Turkish troops present at Afrin torture sites, U.N. says
(Updates with the Turkish Embassy's statement in the 11th paragraph)
Turkish officials were present during the torture of prisoners at Syrian rebel bases, several survivors have told a United Nations commission.
The U.N. Commission of Inquiry of the Syrian Arab Republic released a draft report into detention and disappearances on Monday.
The report includes several damning findings over the conduct of rebel groups occupying Afrin, a historically Kurdish region now controlled by Turkey.
A Turkish invasion of Afrin in 2018 expelled the Kurdish-led Syrian Democratic Forces (SDF), and handed the territory over to an alliance of militias known as the Syrian National Army (SNA). Since then, the SNA has been accused of ethnic cleansing, mass looting, and human trafficking.
Hundreds of Afrin’s civilians have been reported kidnapped or disappeared after rebel militias began holding locals for ransom, a practice which gradually evolved into a systematic operation to extort Afrin’s Kurdish population, according to the U.N. report.
Survivors say their captors dished out “frequent and severe beatings” while demanding detainees confess links to Kurdish political factions. Rebel groups also sexually assaulted and abused women in their detention, kidnapping some and marrying them off by force.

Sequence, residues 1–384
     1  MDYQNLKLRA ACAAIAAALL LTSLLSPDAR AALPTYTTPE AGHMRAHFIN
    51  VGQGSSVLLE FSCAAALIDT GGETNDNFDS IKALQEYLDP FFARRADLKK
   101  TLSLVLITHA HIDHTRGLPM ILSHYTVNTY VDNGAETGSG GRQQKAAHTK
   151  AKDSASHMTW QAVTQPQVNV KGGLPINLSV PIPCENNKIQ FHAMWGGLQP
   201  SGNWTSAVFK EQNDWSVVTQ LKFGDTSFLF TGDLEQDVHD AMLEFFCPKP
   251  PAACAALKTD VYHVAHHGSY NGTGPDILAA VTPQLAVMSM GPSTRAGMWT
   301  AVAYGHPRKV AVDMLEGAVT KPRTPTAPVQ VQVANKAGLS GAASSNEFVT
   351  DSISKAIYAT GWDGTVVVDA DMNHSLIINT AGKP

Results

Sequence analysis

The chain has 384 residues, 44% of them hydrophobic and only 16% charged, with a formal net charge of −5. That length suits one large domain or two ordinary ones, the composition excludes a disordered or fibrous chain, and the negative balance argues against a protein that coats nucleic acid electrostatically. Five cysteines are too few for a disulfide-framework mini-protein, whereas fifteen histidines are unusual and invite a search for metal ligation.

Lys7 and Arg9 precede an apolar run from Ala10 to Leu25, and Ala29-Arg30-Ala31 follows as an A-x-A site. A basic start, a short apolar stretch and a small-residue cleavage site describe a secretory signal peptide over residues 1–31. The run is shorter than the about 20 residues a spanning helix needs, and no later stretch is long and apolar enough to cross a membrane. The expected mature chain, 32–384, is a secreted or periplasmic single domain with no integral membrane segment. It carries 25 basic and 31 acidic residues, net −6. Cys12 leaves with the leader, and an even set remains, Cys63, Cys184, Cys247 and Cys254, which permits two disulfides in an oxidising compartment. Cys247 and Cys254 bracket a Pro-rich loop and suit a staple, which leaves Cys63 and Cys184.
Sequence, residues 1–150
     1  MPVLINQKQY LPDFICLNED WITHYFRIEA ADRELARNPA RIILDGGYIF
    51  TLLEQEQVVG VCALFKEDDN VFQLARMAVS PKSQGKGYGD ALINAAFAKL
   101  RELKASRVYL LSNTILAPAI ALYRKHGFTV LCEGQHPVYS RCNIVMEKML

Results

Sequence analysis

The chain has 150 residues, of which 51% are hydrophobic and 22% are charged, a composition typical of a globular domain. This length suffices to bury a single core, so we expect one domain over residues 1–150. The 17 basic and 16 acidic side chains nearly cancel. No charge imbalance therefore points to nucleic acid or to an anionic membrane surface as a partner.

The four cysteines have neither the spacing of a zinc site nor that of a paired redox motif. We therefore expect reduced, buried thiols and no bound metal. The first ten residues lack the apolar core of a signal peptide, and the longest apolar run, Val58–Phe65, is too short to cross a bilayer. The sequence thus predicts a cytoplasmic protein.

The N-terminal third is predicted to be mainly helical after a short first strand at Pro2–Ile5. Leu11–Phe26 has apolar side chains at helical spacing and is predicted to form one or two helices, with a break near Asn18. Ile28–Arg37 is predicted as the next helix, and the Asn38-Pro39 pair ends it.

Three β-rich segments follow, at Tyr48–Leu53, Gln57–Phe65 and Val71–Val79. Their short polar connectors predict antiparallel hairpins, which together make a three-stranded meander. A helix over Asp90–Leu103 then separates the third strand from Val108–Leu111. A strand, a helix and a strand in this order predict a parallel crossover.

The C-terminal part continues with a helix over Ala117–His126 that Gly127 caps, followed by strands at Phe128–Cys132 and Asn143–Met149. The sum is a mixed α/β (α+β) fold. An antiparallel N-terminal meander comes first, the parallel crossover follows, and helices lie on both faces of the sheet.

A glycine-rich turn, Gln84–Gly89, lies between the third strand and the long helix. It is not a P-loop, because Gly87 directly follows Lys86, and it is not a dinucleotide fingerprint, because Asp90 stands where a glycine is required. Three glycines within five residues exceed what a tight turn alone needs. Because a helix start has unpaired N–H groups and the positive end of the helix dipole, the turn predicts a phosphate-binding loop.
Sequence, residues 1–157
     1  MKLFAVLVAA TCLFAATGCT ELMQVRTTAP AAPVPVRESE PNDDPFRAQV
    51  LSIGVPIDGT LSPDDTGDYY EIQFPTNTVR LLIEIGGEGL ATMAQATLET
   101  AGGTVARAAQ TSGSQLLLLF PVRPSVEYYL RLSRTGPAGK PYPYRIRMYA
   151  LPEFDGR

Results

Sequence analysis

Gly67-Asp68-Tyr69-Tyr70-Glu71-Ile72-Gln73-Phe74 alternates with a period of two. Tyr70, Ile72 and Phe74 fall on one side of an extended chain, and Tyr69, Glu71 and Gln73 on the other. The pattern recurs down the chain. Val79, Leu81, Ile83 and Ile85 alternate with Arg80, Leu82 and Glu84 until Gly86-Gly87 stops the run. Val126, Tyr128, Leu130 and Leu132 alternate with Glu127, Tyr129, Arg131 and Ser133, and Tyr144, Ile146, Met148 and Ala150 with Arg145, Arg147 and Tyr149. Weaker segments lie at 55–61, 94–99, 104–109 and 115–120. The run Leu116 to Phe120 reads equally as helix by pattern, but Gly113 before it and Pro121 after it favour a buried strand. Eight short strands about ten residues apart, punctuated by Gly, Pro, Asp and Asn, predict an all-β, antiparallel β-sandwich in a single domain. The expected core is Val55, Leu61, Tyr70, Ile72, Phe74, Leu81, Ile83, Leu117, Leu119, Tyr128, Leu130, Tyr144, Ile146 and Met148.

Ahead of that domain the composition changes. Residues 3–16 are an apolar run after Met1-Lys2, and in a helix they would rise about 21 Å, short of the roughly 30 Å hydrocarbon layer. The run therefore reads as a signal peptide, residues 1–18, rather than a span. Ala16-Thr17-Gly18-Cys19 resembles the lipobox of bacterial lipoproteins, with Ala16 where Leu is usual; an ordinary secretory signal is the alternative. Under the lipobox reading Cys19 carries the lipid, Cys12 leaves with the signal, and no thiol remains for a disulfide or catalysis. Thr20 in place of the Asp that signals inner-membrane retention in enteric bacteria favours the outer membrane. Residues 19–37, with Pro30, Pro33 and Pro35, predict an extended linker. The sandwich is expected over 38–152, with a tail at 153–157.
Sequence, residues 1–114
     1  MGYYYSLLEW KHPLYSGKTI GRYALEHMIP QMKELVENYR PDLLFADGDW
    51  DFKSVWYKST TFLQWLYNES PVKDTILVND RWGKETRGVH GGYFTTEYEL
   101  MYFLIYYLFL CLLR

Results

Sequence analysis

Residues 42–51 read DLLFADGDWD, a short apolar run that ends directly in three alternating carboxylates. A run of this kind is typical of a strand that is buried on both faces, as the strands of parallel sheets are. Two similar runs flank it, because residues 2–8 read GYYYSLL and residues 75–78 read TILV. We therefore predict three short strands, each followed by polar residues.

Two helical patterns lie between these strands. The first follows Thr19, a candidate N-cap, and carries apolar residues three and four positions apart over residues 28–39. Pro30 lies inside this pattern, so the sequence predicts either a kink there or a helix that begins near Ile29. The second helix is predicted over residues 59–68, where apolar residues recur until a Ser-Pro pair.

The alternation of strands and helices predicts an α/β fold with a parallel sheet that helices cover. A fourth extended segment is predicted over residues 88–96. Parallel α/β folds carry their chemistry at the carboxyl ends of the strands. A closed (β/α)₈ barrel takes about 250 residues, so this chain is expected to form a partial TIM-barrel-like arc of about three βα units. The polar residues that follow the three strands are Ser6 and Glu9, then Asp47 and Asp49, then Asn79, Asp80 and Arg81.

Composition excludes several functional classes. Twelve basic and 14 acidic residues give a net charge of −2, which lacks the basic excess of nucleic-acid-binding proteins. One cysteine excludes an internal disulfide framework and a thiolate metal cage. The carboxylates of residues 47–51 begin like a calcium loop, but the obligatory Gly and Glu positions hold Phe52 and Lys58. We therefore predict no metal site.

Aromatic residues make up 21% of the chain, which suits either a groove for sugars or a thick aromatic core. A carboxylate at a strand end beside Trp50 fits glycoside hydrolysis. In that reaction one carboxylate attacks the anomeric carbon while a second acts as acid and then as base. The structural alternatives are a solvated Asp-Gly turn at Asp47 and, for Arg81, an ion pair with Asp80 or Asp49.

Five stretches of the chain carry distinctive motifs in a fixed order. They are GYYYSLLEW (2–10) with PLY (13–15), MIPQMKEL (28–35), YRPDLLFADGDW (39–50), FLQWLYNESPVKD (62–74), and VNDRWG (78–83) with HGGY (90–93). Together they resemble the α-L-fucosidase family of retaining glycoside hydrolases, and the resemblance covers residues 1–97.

The SNA has particularly targeted Afrin’s Yezidi religious minority. Yezidi shrines have been looted, and Yezidi families subjected to “exorbitant” ransoms, according to Wilson Center fellow Amy Austin Holmes.
“Even if they survive, this is a way to force demographic change, to force those few remaining Yezidis who still live in Afrin to leave,” Holmes told the U.S. Commission on International Religious Freedom in June 2020. “This is a way to engage in ethnic cleansing and demographic change without actually killing people.”
One Yezidi woman told U.N. investigators that rebels beat her with cables while threatening her life. “Yezidis are infidels. We will kick you out from your land. You will die here,” a militia member allegedly told the woman.
Turkish troops were frequently present at rebel detention centres and attended torture sessions, according to the testimony of survivors cited in the U.N. report.
The Turkish Embassy in Washington described the U.N. allegations against Turkish forces as "baseless".
"The Turkish Armed Forces fully respect the international humanitarian law at all times," the embassy said in a statement to Ahval. "The Turkish Armed Forces did not get involved, directly or indirectly, in any incident of violation in Syria."
The embassy did not deny abuses had taken place but insisted Turkey could not be held accountable for governance in the region.
"The areas in the north of Syria that were liberated from terrorism through Turkish operations, are under the control of the Syrian Interim Government, which is affiliated with the representative of the legitimate opposition, namely the Syrian National Coalition," the embassy said.
"Hence any allegations attributed to the Syrian National Army should be inquired with the authorities of the Syrian Interim Government."
Reached by text message, Syrian National Army (SNA) spokesman Youssef Hammoud offered some advice.